s

sheiladeedee's Profile

Title Last Reply

ISO Fancy, elegant plated dessert

I like to make individual parfaits or trifles. Lemon and raspberry are my standard, but I did one that alternated cannoli cream, fudge sauce, and cherry preserves, topped with whipped cream and brandied cherries. It was a hit, and very easy, made ahead and chilled.

substitute for soy sauce

Thanks, I'll try these when I get back to using soy based products.

Mar 25, 2014
sheiladeedee in Special Diets

substitute for soy sauce

Yes, it's the soy that I'm avoiding for now.

Mar 25, 2014
sheiladeedee in Special Diets

substitute for soy sauce

Thanks!

Mar 25, 2014
sheiladeedee in Special Diets

substitute for soy sauce

For the next few months I'm going to be eating according to the Whole 30 method, eliminating dairy, grains, soy and other legumes, alcohol, sweeteners and most additives. The hardest part I'm dealing with is finding a savory condiment to replace soy sauce, which I use frequently - our typical dinner is a stir-fry, and though I can lose the bottled sauces with all the sugar, the soy sauce seems so integral that I want to find something in its place. Any ideas?

Mar 23, 2014
sheiladeedee in Special Diets

Your top go-to, essential cookbooks that were published in the last decade

Ratio and Ruhlman's Twenty, both by Michael Ruhlman. They live in my kitchen, not on the cookbook shelves.

Dec 29, 2013
sheiladeedee in Home Cooking

SURVEY: When/Where/How did you learn to cook?

I learned to cook at a very early age, in self-defense; I was the oldest of five and my mother was (1) a terrible cook (2) at work from 4 to 11 every night. My father worked two jobs. From the age of 5 I went after school to my mother's aunt to help her (she was the housekeeper at a large and busy rectory) and learned to cook as fast as I could. I was cooking dinner myself for the family from about the age of seven. Aunt Tillie was German, a superb cook and baker, and entertained a lot on a large scale. I also was drafted into helping my grandmother (cook at the big boys prep school attached to the local cathedral and responsible for the bishop's entertaining) get ready for dinners for 500+ at a time. Very 1960s food, steak, baked potatoes, gigantic shrimp cocktails, wedge salads with blue cheese dressing. I vividly remember shelling shrimp at the age of five, standing on a stool with an oversized apron while my mother, aunts, and assorted other relatives helped with the prep. Spaghetti dinners for the parish, communion breakfasts, sauerbraten dinners for 200 priests... that sort of thing.

I took mandatory Home Ec, including some rather lame cooking classes, in high school in the mid 1960s. I had been cooking and sewing all my clothes for years so I was bored bored bored. I'm 65.

Dec 16, 2013
sheiladeedee in General Topics

Holiday entertaining on a budget - how would you tackle it?

This is also a fun party, I like to do one in the summer, with grilled mushrooms for the vegetarians. Always goes over well, and a little meat goes a long way.

Dec 04, 2013
sheiladeedee in Home Cooking

Roast Beef

I agree, a slow roasted cut from the sirloin or round is very tasty and festive. Red wine and mushroom gravy, mashed potatoes... My go to dinner.

Holiday entertaining on a budget - how would you tackle it?

What a good idea!

Dec 03, 2013
sheiladeedee in Home Cooking

Holiday entertaining on a budget - how would you tackle it?

Chili and cornbread is always good. I like to make potato-leek soup, with assorted toppings (bacon, sour cream, chopped scallions, shredded cheese). Your idea of mulled wine or hot cider is great, particularly on a week night with folks having to get up for work and maybe not wanting to drink a lot... Maybe a little salad. With holiday cookies and hot chocolate for dessert... Something along these lines would be largely do ahead and budget friendly.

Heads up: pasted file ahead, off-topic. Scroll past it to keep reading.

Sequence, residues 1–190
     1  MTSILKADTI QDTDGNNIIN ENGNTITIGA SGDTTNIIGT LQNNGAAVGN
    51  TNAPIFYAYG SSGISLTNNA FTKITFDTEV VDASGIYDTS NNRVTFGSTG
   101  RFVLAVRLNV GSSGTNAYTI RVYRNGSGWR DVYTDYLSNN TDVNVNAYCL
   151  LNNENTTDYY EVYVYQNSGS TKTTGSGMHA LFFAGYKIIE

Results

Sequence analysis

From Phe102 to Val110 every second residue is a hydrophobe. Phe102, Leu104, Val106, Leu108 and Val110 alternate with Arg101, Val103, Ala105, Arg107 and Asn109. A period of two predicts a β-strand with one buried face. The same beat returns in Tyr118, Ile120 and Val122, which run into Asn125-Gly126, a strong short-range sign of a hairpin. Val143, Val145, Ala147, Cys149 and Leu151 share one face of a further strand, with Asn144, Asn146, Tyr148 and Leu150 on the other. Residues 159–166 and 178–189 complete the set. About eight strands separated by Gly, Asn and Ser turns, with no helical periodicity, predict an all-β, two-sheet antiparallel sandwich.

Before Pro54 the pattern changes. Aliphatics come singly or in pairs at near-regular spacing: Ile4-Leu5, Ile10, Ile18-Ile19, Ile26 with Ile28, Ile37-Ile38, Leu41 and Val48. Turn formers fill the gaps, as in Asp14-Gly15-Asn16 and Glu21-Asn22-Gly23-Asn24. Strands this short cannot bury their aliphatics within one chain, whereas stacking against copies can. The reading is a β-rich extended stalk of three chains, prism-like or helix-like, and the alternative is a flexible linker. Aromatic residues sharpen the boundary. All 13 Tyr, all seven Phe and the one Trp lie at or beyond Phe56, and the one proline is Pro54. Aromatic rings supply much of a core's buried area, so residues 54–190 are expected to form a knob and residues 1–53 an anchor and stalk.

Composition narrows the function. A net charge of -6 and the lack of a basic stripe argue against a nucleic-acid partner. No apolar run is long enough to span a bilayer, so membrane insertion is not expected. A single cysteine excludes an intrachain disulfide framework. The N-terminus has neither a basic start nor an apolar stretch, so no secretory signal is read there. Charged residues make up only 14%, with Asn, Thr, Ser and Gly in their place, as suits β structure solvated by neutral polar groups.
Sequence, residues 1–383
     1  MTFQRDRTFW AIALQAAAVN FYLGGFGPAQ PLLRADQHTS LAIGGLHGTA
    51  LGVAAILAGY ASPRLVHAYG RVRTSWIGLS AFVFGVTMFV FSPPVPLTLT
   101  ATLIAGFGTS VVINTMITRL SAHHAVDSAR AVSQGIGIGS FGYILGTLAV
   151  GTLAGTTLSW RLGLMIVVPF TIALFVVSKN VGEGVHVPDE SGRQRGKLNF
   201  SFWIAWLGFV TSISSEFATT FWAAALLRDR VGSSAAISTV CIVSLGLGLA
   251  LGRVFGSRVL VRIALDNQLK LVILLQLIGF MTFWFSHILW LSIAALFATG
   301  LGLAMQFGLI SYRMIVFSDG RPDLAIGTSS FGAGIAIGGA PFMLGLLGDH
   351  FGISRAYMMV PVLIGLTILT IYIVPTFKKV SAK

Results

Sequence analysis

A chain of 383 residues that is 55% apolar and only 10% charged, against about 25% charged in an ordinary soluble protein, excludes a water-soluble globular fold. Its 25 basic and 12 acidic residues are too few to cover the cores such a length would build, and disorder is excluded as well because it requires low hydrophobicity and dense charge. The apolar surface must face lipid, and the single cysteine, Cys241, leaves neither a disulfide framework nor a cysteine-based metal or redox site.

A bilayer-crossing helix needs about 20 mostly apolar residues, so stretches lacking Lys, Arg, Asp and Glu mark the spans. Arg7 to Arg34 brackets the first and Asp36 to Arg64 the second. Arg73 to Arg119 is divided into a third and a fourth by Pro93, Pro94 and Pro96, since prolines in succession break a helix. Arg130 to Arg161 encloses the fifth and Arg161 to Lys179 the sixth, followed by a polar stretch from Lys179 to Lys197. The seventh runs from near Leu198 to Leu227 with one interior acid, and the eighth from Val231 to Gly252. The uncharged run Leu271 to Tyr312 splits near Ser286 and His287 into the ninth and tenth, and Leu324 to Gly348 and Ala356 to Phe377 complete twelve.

Dec 03, 2013
sheiladeedee in Home Cooking
1

DO NOT DISCARD THE TURKEY CARCASS(ES)

Well, I have a twelve pounder for two, to be cooked on Friday since we go to a friends party on the day itself.

I cook it with sausage and chestnut stuffing,, and after dinner I will take all the meat off the bone, break up the carcass and make stock immediately. I keep the meat in big pieces, and pack anything we won't eat in two days gets frozen, in small vacuum bags. Doing this, i never have to find room for a bulky carcass in the fridge. I will make a lot of gravy for the stuffing, some cranberry compote, and something green.

When I cook a big dinner with tons of leftovers, I prioritize using up anything perishable quickly, freeze what would freeze well, all after sending home some non-cooking friends with care packages.

Slow Roasting This Year - Brest Side Down or High Sear

I do an initial twenty minutes, breast side up, at 425, turn the bird over for another twenty minutes to half an hour at 425, then turn the temp down to 325, flip the bird breast back up about two thirds of the way through through. If necessary I turn on the broiler at the end if the browning is insufficient.

I think the breast side down for part of the cooking really makes the breast meat juicier. Since I carve in the kitchen, I don't worry about the rack marks.

Nov 24, 2013
sheiladeedee in Home Cooking

Will deglazing with cold liquid ruin my SS pan?

In deglazing quantities you should be fine. My only All Clad is a 12" skillet, which is in constant use for sautéing and stir fries, and after 20 years of cold stock or wine splashed into a hot pan, I've had no problems

Cooking for the parents?

Absolutely. Your BF is impressed with what you usually do, certainly his folks will be too. If you feel you must do something basic, no one I know ever didn't like a roast chicken with salad and bread and a seasonal vegetable. Go all out on a fabulous make-ahead dessert if you want... Leave time to get to know them!

Rec's for vegetabe choppers/ cubers?

I use them and like then, although it took a little getting used to. Love the consistent cuts. That said, it wouldn't take up space in my desert island trunk...

Nov 07, 2013
sheiladeedee in Cookware

Thinking about buying Sabatier Carbon Steel Knife-Any Thoughts?

I have an assortment - 2 3" paring knives, a boning knife, a 6" utility knife, a 10" slicer, a 10" chef, and finally a 12" chef that was my father's. I love them.